MSO10505 - Huish Barton Farmhouse, Nettlecombe (Building)


A late 16th Century farmhouse, enlarged in 1698. It is one of the very few examples of 17th Century brickwork in the county.

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Type and Period (1)

Protected Status

Full Description

Farmhouse. Late C16, enlarged 1698, restored late C20. Random rubble, 4 bays refronted with brick, much restored mid-late C20, coped verges, pantiled roof, external brick stacks. "L"-plan; 3 cell and cross passage farmhouse facing South with late C17 addition facing West onto walled garden. Main block: 2 storeys, 5 bays, irregularly placed fenestration, 12 pane sash windows first floor, groundfloor two 12 pane sash windows left and two tripartite 12 pane sash windows right of 6 panel door, upper panels glazed, gabled wooden trelliswork porch. Interior modernised. The main interest of the house is the West wing, linked by lower pavilions to farmhouse. Red and purple bricks, Flemish bond, coped verges, slate roof, coped brick stacks gable ends. Single storey over basement, 1:4:1 bays; segmental headed crucifiorm windows, renewed C20, segmental headed basement lights, segmental headed doorways in flanking single storey pavilions. Interior: one large room, very high ceiling, brick face to wall facing garden, rest random rubble, originally plastered with initials GM (George Musgrave) 1698 in foliage scroll-work over North gable end brick arched fireplace opening, similar small fireplace South end, entrance through renewed staircase on East front, also gives access to the basement. This must have been a very impressive room when built, presumably with a plasterwork ceiling. It has been suggested that it was built as accommodation for the bi-annual visit of the Lord of the Manor and his officers, though there is no comparable sleeping accommodation, or perhaps to celebrate a particularly lucrative marriage alliance, since it is possible that there is another initial carved in the ornate stonework. Whatever the original purpose it is one of the very few examples of C17 brick work in the county. (VAG Report, unpublished SRO, October 1978; VCH Somerset, Vol 5, forthcoming). [1] English Heritage Listed Building Number: 264803. First Listed on 22/05/1969. [2] 3-cell Cross passage plan. Brick, Stone, Flemish bond, Random rubble walls. Gabled roof [3] The building was visited in June 2013 as part of the rapid condition survey of Exmoor's Listed Buildings 2012-13. It received a BAR score of 6. [4] The Hall of the farmhouse features a plaster plaque high up on the brick end wall, including a flowing monogram of GM (George Musgrave) in William and Mary style ornate letters and the date 1698. [5]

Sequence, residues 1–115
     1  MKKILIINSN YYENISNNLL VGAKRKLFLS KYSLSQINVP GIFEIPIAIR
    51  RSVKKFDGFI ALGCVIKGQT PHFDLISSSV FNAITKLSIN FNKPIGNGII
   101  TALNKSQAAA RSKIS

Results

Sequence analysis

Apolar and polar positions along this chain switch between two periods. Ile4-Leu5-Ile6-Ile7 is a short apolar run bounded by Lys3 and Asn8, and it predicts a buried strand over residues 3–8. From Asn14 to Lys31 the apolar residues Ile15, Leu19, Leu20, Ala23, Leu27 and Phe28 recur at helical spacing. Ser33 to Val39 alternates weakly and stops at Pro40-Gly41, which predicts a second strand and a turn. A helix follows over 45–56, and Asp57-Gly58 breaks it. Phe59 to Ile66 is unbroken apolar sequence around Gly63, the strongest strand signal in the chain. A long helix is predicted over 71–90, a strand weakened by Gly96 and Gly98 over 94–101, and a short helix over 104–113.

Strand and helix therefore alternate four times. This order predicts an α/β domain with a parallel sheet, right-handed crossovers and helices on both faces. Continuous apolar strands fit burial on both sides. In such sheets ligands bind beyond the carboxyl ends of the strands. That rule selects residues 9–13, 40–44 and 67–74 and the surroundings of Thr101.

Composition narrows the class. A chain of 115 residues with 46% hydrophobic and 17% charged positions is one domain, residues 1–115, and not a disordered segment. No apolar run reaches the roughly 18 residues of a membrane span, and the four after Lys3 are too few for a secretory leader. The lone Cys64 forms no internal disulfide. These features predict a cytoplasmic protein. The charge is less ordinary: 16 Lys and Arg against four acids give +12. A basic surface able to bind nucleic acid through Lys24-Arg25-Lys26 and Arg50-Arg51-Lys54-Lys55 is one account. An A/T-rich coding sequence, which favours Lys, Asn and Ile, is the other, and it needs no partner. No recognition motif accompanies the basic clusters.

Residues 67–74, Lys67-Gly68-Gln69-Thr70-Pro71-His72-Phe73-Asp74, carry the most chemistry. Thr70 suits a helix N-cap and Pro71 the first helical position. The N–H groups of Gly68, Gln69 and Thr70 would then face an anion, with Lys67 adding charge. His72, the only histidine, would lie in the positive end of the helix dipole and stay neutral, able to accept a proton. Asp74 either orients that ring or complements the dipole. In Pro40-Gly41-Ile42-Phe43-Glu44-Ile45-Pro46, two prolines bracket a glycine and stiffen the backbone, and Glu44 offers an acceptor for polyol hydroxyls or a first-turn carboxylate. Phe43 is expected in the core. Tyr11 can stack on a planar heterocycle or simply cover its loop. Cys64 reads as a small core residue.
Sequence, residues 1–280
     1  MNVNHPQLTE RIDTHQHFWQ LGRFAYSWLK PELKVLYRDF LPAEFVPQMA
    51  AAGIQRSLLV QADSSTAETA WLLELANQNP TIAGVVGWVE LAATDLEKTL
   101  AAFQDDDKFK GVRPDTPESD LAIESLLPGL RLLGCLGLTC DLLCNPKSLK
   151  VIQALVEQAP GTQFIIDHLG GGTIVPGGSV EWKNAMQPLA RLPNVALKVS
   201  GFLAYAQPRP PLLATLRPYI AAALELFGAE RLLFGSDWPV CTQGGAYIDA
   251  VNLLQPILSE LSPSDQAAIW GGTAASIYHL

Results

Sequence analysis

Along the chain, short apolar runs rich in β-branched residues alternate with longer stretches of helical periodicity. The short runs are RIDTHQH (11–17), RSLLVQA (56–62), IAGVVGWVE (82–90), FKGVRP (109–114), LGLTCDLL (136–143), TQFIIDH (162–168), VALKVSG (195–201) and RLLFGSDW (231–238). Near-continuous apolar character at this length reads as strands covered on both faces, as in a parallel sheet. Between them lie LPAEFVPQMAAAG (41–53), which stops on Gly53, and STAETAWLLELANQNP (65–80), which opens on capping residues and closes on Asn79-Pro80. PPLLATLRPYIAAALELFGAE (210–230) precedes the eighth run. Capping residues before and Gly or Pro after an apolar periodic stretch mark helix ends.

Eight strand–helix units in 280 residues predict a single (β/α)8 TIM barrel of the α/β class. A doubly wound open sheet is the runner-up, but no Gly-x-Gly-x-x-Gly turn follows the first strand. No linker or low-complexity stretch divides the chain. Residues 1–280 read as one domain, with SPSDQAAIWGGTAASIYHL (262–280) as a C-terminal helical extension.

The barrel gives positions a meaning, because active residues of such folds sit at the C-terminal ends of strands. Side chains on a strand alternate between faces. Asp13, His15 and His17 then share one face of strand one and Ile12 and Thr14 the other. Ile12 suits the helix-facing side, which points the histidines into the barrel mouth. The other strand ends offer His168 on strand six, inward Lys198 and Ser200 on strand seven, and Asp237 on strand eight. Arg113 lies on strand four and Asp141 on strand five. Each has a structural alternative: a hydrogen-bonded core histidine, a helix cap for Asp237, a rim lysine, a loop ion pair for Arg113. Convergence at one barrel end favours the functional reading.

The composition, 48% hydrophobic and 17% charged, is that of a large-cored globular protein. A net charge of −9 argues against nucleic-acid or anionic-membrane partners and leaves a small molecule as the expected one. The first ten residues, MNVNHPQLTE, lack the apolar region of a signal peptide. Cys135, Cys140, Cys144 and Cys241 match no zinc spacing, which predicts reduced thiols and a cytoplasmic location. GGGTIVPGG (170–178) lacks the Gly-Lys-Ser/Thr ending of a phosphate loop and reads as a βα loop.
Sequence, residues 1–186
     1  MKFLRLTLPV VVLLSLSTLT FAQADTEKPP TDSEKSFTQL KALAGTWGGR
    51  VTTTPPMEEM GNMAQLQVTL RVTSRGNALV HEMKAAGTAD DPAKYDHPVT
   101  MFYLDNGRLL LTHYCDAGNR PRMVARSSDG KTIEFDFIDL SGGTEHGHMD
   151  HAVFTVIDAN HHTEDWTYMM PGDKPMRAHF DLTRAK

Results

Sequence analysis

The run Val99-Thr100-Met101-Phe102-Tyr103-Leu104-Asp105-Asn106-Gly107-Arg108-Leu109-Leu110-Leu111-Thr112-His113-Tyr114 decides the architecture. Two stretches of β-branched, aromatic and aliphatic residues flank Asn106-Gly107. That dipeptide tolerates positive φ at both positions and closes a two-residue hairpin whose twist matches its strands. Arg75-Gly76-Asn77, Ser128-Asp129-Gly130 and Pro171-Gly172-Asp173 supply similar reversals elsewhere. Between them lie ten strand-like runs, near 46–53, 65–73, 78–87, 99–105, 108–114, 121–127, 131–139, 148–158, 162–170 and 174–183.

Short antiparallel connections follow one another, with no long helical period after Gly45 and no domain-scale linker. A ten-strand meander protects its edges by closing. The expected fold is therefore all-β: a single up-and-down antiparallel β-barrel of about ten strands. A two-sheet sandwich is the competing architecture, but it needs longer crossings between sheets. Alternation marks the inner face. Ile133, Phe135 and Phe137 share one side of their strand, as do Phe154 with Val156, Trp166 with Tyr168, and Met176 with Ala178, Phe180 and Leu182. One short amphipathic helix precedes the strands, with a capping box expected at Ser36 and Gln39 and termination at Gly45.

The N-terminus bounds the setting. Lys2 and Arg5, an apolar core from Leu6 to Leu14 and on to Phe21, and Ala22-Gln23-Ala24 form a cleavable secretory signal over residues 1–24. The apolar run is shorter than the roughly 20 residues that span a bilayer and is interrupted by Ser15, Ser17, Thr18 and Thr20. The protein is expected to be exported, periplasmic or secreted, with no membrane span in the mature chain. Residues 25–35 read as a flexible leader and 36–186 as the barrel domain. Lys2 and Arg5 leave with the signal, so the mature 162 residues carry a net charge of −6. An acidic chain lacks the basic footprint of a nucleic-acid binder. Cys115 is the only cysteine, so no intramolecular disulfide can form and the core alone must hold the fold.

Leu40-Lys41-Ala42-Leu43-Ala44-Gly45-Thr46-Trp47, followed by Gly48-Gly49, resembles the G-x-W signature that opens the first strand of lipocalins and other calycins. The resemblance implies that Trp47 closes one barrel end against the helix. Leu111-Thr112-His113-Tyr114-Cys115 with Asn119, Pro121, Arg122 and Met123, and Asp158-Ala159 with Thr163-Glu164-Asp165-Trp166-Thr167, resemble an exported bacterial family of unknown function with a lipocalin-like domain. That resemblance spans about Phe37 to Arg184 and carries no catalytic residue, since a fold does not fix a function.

Sources/Archives (5)

  • <1> Index: 21/12/1984. Thirty-first List of Buildings of Special Architectural or Historic Interest. Distict of West Somerset (Somerset).
  • <2> Unassigned: Webster CJ, Historic Environment Record. 2005. Staff Comments, Somerset County Council.
  • <3> Unpublished document: Somerset County Council. Various. Somerset HER parish files - Exmoor records.
  • <4> Report: Lawrence, G.. 2014. Exmoor National Park: Rapid condition survey of listed buildings 2012-13.
  • <5> Monograph: Penoyre, J. and Penoyre, J.. 1994. Decorative plasterwork in the houses of Somerset 1500 - 1700: A regional survey. Somerset County Council. 77.



Grid reference Centred ST 0523 3859 (35m by 31m)
Map sheet ST03NE

Finds (0)

Related Monuments/Buildings (2)

Related Events/Activities (1)

External Links (1)

Other Statuses/References

  • 2012-3 Building At Risk Score (6): 375/5/45/1
  • Exmoor National Park HER Number (now deleted): MSO7706
  • National Monuments Record reference: ST 03 NE86
  • National Park: Exmoor National Park
  • NBR Index Number: 41865
  • NRHE HOB UID (Pastscape): 521756
  • Somerset SMR PRN: 30743

Record last edited

May 5 2021 11:12AM


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